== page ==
As far as we know, no one has yet come up with a better mousetrap. This is also true of screening tests for prostate cancer (PCa). As everyone knows, the current PSA (prostate specific antigen) blood test is not specific for PCa. It only registers increased activity/irritation of the gland. Yes, it could mean cancer, but it could mean a lot of other conditions as well. It’s not a great mousetrap for PCa.
However, it may be that a company called miR Scientific, LLC has now come up with a better (i.e., more accurate) and completely noninvasive test to detect PCa—and it involves only collecting a urine sample. It is called the miR SentinelTM. If it’s truly as good as claimed, the world of doctors may well beat a path to the company’s door.
According to a July 13, 2022 press release issued by miR Scientific, “miR Sentinel™ is a novel, urine-based, molecular test that analyzes small non-coding RNA using a proprietary biostatistical algorithm. The miR Sentinel™ Test assesses the risk of aggressive prostate cancer and is intended to aid in the clinical management of men >45 years of age at risk for prostate cancer.” Wow! It can both detect PCa and classify it according to aggressiveness? This is certainly above and beyond an ordinary PSA test!
How does it work?
Urine contains very tiny bodies called exosomes. All cells, including cancer cells, manufacture them inside the cell, then release them into circulation so they can be taken up by other cells. Each exosome acts like a packet of molecular instructions in the form of RNA. Exosomes from cancer cells act as biomarkers because their RNA holds tumor-specific instructions. Thus, if PCa is present in the gland, exosomes from tumor cells will be excreted into urine as it passes through the prostate. These can then be isolated from a urine sample and analyzed; thus, the miR Sentinel can calculate the presence and aggression level of PCa, using a proprietary algorithm.
How well does it work?
An initial paper on the development of the miR Sentinel and its prediction algorithm was published in the Journal of Urology in September, 2020.[i] Results of training the algorithm and testing it on urine specimens showed sensitivity of 94% and specificity of 92%. Following that, a multi-center study of roughly 1100 men was presented at the 2022 annual meeting of the American Urological Association. The press release states that the miR Sentinel “…was shown to identify molecular evidence of prostate cancer in at-risk men with 98.5% sensitivity and distinguish clinically non-significant (nominally No Pathological Evidence of Prostate Cancer and Grade Group 1), from clinically significant prostate cancer (nominally Grade Groups 2-5) with a prognostic sensitivity of 83% .” Double wow!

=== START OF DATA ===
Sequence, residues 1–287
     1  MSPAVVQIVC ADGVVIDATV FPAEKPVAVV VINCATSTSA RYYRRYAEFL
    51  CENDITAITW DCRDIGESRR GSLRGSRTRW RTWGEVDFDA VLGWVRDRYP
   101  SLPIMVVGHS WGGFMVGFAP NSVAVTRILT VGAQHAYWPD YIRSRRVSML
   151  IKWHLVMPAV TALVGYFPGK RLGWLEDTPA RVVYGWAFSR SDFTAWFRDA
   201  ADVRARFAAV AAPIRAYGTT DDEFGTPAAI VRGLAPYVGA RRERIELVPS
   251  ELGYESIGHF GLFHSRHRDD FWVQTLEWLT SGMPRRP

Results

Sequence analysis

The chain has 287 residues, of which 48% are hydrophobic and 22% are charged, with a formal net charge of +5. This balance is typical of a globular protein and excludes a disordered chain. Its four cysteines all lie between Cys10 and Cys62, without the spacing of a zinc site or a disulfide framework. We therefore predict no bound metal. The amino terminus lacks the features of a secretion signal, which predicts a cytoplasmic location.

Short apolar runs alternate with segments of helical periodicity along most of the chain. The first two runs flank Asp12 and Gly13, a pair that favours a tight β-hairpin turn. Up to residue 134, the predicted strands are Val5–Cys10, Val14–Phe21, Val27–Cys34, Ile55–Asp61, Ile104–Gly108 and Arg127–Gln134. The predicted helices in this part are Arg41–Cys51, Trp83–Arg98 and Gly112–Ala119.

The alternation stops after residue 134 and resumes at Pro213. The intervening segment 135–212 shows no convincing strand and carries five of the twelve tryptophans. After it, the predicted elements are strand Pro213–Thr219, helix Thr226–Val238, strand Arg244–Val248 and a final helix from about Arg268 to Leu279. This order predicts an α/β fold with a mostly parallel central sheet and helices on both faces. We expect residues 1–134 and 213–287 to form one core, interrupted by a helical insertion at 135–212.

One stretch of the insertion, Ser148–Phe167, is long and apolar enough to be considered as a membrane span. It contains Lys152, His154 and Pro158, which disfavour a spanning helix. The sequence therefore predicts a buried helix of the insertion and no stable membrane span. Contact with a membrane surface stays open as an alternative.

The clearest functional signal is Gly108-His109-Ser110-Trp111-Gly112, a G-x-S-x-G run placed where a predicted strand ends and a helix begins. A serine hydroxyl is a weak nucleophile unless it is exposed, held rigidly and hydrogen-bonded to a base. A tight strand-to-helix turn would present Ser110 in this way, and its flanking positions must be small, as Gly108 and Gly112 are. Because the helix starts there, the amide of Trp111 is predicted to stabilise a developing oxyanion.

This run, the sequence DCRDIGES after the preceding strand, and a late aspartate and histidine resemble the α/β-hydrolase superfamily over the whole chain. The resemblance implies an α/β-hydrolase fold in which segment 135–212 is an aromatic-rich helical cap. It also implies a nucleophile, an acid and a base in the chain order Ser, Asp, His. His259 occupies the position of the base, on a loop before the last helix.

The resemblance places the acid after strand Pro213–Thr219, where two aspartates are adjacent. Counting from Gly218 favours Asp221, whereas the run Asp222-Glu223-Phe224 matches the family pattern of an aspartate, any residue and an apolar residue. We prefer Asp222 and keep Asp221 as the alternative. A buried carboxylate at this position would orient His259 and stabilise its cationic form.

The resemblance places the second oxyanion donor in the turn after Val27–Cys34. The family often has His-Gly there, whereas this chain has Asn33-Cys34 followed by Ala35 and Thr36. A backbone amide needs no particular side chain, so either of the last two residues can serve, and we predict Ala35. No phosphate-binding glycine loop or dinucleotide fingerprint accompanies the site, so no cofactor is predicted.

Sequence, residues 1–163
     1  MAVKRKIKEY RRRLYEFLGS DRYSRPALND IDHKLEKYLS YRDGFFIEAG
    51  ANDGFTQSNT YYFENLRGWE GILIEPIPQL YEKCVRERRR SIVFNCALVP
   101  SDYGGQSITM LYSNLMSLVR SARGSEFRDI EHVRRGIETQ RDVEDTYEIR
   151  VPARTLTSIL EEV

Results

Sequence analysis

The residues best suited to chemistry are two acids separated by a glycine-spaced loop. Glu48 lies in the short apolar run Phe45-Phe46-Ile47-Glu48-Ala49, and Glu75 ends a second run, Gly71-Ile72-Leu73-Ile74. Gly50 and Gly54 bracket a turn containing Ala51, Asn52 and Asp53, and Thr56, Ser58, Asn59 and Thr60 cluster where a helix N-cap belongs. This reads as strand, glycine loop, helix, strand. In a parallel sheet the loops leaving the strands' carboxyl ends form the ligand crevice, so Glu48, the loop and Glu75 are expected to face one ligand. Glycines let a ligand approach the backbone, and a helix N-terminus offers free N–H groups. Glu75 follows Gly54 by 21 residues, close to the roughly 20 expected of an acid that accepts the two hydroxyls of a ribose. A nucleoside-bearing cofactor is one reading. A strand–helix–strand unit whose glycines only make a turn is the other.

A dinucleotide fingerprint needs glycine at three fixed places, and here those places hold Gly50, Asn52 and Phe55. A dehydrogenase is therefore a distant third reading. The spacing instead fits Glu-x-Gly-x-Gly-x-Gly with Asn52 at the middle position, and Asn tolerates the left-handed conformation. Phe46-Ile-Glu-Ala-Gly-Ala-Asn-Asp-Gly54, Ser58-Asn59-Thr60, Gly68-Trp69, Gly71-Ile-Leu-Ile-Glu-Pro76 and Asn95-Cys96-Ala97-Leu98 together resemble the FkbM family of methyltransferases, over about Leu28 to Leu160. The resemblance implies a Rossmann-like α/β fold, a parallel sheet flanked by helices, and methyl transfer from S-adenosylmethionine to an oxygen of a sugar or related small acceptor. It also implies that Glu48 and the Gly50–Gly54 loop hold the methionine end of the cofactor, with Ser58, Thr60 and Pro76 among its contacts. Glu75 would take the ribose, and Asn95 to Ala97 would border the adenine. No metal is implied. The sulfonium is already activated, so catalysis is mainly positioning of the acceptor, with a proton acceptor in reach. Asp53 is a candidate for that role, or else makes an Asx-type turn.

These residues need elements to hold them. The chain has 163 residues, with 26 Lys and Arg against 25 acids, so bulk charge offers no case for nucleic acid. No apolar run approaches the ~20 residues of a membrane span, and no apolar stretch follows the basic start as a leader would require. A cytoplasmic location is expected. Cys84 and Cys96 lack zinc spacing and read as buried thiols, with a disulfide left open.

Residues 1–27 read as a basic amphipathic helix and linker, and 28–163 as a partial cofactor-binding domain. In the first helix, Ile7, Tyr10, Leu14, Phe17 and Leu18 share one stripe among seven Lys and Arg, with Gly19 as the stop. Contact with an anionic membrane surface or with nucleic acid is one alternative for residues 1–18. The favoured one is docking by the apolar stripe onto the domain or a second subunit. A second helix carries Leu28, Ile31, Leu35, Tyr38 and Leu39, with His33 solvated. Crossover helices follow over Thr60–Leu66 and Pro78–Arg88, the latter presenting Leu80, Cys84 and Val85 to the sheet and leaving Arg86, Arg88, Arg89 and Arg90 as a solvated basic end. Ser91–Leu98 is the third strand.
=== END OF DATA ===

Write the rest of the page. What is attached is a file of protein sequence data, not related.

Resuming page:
Does this mean no more biopsies?
We recently posted an update to an earlier blog in which we asked, “When will we have a liquid biopsy?” The manufacturer, miR Scientific, notes on its website, “miR is the first peer-reviewed liquid biopsy urine test that accurately detects, classifies, and monitors prostate cancer.” In our blog, we suggest that the term “liquid biomarker analysis” is a more precise descriptor than liquid biopsy. While tests like the miR Sentinel appear highly superior to PSA in terms of detection and indication of aggression level, it’s not advisable to plan treatment without the exact diagnostic information obtained by combining imaging (3T multiparametric MRI) and pathology (analysis of tissue). Only by knowing the location, size, shape, Gleason score and genomics (if necessary) can a customized treatment plan be made. We can, however, see how miR Sentinel has potential for ruling out a biopsy—though we believe it would be best to corroborate a negative miR Sentinel with 3TmpMRI. We also see the utility of using this urine test to monitor during Active Surveillance or follow-up after treatment. Ideally, mpMRI should still be integrated into a patient’s care plan.
This blog does not constitute an endorsement for miR Sentinel or any other particular biomarker-based test. We do, however, support the ongoing research and development of non-invasive tests to gain the earliest, most accurate indication that a man has PCa in order to determine next steps. If just peeing into a cup can help accomplish that, miR Sentinel may be the best mousetrap yet for capturing tumor information.
NOTE: This content is solely for purposes of information and does not substitute for diagnostic or medical advice. Talk to your doctor if you are experiencing pelvic pain, or have any other health concerns or questions of a personal medical nature.
[i] Wei-Lin Winnie Wang W, Sorokin I, Aleksic I, Fisher H et al. Expression of Small Noncoding RNAs in Urinary
Exosomes Classifies Prostate Cancer into Indolent and Aggressive Disease. J Urol. 2020 Sep; 204(3):466-475.